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This project page contains materials and data reported in the Applied Psycholinguistics article "Testing the role of processing speed and automaticity in second language listening". The abstract is as follow:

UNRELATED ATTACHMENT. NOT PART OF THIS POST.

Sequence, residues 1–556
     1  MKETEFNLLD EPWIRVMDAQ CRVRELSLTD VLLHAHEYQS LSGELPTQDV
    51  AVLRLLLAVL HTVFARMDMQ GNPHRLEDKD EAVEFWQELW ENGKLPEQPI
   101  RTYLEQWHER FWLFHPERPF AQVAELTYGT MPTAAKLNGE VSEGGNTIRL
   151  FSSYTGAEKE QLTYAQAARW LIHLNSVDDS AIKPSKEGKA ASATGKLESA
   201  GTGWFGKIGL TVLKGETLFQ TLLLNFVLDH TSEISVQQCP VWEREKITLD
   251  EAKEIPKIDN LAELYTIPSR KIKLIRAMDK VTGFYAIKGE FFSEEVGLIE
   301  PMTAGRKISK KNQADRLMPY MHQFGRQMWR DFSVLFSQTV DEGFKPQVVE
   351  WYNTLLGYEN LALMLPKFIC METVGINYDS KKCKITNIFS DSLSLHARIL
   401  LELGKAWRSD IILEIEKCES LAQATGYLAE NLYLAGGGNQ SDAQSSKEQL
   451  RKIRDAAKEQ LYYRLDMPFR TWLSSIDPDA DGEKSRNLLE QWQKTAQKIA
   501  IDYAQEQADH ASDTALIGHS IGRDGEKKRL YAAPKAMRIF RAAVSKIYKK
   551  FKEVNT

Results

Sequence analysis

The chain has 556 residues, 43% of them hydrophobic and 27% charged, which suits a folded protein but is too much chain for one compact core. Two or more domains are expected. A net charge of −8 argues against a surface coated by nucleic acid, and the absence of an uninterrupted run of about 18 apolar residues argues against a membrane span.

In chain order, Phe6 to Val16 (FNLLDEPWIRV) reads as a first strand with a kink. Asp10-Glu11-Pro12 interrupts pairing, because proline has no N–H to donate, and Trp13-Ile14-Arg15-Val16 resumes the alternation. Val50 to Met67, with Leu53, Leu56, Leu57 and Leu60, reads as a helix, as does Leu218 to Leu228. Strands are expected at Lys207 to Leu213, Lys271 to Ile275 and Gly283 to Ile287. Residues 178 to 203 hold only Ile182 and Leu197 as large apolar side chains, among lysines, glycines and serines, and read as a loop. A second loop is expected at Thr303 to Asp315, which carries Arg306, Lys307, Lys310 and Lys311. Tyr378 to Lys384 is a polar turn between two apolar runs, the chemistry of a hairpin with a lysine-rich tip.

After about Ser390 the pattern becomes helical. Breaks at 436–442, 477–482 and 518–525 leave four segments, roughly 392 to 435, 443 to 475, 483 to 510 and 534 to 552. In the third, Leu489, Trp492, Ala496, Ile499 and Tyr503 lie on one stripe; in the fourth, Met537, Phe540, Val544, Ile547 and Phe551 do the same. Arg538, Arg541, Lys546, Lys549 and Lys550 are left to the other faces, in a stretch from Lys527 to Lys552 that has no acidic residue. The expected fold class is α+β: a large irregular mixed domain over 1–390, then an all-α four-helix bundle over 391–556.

Second language (L2) listening requires efficient processing of continuing incoming information (Vandergrift & Goh, 2012). Even so, research into individual differences in L2 listening has mostly shed light on the role of linguistic knowledge measured without time pressure (e.g., Mecarty, 2000; Wang & Treffers-Daller, 2017; cf. Vafaee & Suzuki, 2020), leaving the role of processing speed and automaticity largely unexplored. To close this gap, we explored the determinants of successful listening using three processing tasks at lexical, syntactic, and propositional levels. Participants were 44 Chinese learners of English. Response accuracy afforded measures of vocabulary size, syntactic parsing skills, and formulation of propositional meaning. Reaction times and the Coefficient of Variation (CV) (Segalowitz & Segalowitz, 1993) afforded processing speed and automaticity measures at each level. We found a hierarchical relationship between different levels of processing, whereby lower-level, lexical effects cascade up and are mediated by propositional comprehension in accounting for listening comprehension. The results highlight the importance of considering processing accuracy and speed at different levels of the linguistic hierarchy to explain variability among L2 listeners. Different from most previous studies, we argue for a need to consider the temporal aspects of processing, along with linguistic knowledge, in modeling L2 listening.
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